Chris Ewan's Good Thief's Guide to Vegas, a smooth and funny caper, has its protagonist witness a shocking act of violence. Ewan does not play the scene for laughs, and he manages at the same not to upset the novel's mood. How does he achieve this? Perhaps by staging the scene behind soundproof glass; neither we not the narrator hear it. It's a delicate balance, and I say it works.
Thomas Kaufman's Drink the Tea does it in part by giving protagonist Willis Gidney a past that includes a grim childhood spent in orphanages and foster homes and by a series of gracefully executed flashbacks to that past.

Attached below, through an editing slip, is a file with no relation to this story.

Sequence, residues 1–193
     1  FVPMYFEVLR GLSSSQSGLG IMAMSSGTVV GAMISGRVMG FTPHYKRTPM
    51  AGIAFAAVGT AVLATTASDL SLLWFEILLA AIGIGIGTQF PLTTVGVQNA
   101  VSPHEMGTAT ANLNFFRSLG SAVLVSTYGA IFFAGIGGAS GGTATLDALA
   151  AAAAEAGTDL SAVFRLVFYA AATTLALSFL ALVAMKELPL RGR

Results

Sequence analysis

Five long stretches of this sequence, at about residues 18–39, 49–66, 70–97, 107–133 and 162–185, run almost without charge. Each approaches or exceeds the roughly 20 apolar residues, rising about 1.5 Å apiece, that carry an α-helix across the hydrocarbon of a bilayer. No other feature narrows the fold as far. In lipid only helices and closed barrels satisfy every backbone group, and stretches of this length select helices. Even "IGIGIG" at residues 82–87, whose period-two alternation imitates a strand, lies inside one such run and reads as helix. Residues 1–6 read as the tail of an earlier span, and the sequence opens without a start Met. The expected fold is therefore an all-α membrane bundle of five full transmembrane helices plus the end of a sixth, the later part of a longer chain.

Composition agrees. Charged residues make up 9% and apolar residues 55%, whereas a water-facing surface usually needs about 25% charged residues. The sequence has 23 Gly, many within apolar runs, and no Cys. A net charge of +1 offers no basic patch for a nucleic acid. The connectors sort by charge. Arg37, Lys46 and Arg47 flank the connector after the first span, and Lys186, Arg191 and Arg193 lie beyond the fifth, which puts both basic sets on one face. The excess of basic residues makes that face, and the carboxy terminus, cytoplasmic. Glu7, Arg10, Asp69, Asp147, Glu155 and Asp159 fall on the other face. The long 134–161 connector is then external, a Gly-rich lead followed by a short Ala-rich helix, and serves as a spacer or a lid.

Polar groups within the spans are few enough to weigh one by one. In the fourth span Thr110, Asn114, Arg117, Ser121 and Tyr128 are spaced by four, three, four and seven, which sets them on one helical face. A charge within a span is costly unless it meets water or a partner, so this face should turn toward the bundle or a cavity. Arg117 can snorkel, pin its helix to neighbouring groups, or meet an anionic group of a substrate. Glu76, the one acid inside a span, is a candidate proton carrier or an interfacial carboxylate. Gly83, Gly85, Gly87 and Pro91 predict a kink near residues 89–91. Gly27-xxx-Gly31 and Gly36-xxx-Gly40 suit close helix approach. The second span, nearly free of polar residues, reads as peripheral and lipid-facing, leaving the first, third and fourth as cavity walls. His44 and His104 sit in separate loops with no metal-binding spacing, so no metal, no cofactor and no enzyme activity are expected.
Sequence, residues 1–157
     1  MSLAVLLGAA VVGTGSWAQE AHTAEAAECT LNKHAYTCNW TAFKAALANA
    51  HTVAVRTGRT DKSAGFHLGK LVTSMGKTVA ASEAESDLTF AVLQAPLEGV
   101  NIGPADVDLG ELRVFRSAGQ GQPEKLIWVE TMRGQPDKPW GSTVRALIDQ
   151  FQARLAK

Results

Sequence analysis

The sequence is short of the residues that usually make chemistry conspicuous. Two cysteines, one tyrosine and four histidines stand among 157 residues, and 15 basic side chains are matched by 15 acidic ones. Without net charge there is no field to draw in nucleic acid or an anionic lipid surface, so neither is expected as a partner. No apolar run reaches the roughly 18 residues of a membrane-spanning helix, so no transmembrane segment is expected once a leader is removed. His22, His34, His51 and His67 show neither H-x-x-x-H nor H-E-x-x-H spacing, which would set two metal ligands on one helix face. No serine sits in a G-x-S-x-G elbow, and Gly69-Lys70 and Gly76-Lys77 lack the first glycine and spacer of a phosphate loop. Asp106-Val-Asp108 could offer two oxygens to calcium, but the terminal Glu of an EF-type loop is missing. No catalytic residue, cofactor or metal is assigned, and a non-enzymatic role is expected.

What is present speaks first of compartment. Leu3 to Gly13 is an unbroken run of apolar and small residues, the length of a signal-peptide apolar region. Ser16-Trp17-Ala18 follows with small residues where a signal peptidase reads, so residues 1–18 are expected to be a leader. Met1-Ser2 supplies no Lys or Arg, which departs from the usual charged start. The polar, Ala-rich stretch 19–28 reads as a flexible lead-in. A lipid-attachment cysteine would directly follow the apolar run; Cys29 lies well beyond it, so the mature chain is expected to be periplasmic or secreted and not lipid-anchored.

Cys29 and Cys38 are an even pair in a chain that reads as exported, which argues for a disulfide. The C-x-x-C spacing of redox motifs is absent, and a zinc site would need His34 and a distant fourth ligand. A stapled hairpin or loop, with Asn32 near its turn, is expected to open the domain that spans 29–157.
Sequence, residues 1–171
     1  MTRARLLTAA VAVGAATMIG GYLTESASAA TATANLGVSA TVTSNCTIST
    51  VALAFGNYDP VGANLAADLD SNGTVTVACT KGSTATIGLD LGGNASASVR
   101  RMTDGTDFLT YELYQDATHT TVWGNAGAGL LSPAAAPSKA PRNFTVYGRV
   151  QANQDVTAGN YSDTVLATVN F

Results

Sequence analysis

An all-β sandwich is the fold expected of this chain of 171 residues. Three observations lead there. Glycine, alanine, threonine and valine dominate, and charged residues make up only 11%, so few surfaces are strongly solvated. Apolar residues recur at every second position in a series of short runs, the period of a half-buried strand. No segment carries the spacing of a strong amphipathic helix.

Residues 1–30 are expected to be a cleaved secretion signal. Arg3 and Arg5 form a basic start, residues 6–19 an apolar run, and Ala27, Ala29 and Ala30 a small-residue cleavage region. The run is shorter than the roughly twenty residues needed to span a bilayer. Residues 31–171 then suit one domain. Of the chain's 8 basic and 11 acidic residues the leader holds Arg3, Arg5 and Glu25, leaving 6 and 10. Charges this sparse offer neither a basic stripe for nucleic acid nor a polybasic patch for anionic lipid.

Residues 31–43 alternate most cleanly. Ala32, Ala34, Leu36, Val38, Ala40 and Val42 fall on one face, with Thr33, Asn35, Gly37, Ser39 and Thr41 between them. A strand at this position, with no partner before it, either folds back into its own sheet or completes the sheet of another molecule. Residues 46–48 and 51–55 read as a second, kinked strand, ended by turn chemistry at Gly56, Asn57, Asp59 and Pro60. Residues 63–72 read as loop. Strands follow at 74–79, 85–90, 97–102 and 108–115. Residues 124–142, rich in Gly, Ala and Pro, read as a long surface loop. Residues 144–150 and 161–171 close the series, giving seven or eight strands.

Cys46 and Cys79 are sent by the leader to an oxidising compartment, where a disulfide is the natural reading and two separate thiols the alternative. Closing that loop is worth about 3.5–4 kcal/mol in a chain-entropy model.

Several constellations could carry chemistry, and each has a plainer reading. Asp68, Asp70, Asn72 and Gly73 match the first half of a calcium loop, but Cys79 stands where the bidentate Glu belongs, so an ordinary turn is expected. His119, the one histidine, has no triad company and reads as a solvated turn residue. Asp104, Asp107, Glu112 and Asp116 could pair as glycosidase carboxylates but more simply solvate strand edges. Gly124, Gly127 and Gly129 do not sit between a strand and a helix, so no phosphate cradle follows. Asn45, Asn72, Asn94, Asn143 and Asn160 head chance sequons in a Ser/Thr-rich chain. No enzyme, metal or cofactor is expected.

If you read comic crime fiction, how do your favorite authors maintain the balance between the comedy and the crime?
© Peter Rozovsky 2011